Talk to a fraud fighter

Remote Access Attacks

Remote access attacks are commonly used by fraudsters to gain access to an individual’s device.

There are two methods by which remote access attacks are usually carried out: through social engineering or by exploiting vulnerabilities in software and hardware. In a scam, a fraudster convinces a victim to download a remote access tool (RAT) that allows them to take control of the device. Otherwise, a victim can unknowingly download malware after visiting a malicious website or downloading a fake app.


The impact of remote access attacks.

  • 800M
    dollars was the cost to victims to remote access scams in 2022 alone.
  • 230%
    more remote access scams in 2022.
  • 18,000
    victims reported total losses of nearly $588 million in 2022.

Detect remote access tool use before the scammer can steal the money.

Remote access attacks pose a significant threat to financial institutions and their customers. Attacks involve fraudsters deceiving customers into downloading Remote Access Tools (RATs), granting them control over personal devices. Typical approaches to fraud prevention can’t detect RATs, allowing fraudsters to bypass any security measures. Using advanced analytics powered by artificial intelligence and machine learning, ThreatMark can identify signals of device manipulation by a fraudster when remote access tools are installed. Additional signals of remote access attacks include the nature of mouse movements when the fraudster has taken control of the session and the overall length of the session.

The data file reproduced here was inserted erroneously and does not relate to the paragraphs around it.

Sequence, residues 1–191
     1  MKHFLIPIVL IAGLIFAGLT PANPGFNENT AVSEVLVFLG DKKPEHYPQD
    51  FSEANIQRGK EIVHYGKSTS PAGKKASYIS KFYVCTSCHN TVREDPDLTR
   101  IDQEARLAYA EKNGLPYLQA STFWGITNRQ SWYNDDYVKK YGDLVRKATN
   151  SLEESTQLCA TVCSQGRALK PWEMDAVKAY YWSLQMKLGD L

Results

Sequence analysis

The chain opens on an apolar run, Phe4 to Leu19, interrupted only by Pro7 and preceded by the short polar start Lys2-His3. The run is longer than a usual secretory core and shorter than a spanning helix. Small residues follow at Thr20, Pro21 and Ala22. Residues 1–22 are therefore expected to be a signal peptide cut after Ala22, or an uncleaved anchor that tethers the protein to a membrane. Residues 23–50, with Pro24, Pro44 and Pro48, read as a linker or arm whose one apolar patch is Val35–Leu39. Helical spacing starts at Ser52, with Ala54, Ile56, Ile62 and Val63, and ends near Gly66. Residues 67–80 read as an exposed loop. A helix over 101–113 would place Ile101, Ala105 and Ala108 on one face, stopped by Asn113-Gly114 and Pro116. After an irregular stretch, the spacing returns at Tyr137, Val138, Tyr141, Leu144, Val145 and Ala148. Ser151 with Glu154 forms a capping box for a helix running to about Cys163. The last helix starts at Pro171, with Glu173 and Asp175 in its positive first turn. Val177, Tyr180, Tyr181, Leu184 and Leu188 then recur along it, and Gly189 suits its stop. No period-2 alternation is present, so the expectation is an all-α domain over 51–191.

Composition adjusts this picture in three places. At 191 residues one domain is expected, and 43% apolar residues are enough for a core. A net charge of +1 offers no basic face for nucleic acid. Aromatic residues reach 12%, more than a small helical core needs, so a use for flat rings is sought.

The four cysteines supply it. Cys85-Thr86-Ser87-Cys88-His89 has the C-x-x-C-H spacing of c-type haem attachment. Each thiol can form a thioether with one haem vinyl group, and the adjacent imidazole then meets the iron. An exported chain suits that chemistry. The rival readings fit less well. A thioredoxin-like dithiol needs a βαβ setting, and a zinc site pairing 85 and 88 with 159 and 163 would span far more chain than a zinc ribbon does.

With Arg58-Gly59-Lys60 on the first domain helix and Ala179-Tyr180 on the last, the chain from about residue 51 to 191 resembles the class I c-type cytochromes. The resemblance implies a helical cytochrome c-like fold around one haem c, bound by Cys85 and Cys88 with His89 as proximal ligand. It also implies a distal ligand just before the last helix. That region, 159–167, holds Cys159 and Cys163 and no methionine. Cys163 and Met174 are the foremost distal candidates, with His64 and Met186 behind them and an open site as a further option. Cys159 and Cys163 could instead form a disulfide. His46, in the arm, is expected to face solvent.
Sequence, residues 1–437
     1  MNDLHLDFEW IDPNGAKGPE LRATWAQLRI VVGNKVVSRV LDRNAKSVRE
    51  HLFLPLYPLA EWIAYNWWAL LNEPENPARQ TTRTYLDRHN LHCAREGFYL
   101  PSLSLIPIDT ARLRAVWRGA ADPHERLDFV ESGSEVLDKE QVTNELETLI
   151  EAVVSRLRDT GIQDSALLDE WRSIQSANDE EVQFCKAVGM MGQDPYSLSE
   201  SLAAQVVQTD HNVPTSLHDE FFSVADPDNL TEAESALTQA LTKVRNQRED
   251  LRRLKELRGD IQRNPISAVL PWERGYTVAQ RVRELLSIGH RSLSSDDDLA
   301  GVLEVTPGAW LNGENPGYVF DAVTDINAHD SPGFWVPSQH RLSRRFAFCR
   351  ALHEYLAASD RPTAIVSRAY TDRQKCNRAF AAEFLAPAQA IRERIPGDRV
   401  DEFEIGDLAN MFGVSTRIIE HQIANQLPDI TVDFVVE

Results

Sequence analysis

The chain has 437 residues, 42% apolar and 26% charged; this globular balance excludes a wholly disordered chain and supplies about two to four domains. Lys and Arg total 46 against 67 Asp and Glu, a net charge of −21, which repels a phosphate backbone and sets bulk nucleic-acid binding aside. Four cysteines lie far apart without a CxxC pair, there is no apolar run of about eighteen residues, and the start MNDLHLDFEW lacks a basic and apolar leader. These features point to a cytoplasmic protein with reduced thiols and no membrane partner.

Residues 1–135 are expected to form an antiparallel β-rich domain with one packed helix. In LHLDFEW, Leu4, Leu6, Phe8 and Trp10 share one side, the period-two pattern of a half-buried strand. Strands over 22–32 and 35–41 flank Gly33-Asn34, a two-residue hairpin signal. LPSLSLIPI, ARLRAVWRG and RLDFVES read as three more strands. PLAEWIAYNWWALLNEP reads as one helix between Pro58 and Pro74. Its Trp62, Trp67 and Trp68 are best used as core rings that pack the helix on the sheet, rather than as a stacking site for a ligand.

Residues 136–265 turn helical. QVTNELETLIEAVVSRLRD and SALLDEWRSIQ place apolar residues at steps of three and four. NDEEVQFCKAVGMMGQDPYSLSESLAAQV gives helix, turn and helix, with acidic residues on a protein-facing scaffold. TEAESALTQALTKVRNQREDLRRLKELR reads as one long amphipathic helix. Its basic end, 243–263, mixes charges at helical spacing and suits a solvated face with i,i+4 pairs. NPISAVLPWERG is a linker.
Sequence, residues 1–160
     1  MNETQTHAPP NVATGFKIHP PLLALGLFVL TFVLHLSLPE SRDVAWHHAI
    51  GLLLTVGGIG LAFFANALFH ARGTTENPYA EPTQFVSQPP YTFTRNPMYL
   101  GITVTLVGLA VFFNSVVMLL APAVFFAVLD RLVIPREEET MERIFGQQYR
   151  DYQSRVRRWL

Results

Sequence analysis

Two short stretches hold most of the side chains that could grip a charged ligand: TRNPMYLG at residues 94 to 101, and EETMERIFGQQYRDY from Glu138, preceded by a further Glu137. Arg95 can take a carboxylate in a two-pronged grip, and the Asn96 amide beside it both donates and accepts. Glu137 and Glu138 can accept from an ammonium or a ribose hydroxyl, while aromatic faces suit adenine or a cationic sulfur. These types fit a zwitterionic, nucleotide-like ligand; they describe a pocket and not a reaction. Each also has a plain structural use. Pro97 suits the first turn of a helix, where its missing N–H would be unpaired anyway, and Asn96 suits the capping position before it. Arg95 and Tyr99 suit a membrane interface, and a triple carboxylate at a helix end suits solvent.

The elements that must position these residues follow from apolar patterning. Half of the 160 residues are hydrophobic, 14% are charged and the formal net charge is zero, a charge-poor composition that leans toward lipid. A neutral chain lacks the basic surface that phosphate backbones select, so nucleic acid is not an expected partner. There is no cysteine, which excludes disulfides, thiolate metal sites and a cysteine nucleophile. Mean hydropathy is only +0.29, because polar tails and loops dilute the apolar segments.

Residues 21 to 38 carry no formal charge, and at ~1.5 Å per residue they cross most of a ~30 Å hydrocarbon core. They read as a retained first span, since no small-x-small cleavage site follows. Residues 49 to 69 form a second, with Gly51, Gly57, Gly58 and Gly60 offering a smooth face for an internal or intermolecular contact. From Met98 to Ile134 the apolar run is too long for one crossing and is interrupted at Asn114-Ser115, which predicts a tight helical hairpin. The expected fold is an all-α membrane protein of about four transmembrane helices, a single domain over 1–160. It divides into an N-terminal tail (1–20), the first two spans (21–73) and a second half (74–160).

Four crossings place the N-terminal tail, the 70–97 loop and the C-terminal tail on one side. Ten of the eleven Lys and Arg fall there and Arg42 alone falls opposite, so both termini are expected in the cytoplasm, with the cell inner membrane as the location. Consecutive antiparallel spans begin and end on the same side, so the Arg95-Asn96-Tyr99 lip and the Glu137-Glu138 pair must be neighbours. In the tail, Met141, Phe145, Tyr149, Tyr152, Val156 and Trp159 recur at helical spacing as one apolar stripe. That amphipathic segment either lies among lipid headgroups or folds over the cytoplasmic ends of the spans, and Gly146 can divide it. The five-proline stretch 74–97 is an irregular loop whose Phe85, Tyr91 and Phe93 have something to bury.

The impact of remote access fraud is twofold: customers suffer financial losses and compromised personal data, and the institutions meant to protect vulnerable individuals face reputational damage and the burden of rectifying such breaches.

Preventing remote access attacks.

Understanding ThreatMark’s approach to remote access attacks.

  • Remote Access Attacks

    Legacy fraud prevention measures have limited effectiveness in detecting remote access attacks. When a session is controlled remotely by fraudsters, a bank's systems may identify the device as trusted based on its fingerprint or other biometric authenticator, which may not show any signs of malware and may appear to have the correct IP and geo-location.

  • Remote Access Tool in Use

    When scammers have convinced an unsuspecting customer to install a remote access tool, this opens the door for the scammer to hijack the user’s legitimate session. The moment the scammer starts using the tool, things like how the mouse is moving and how the keystrokes are received, among other indicators, reveal that a remote access tool is in use.

  • Remote Access Tool Available

    Remote access tools allow for remote manipulation of a device, but they also expose hardware indicators that reveal their presence. These indicators can be used to increase the risk suspicion of the banking session, and when seen in combination with other risk factors, they lead to the detection of a remote access attack.

Want to learn more about ThreatMark?

Complete our form to discover more about ThreatMark’s comprehensive approach to fraud disruption.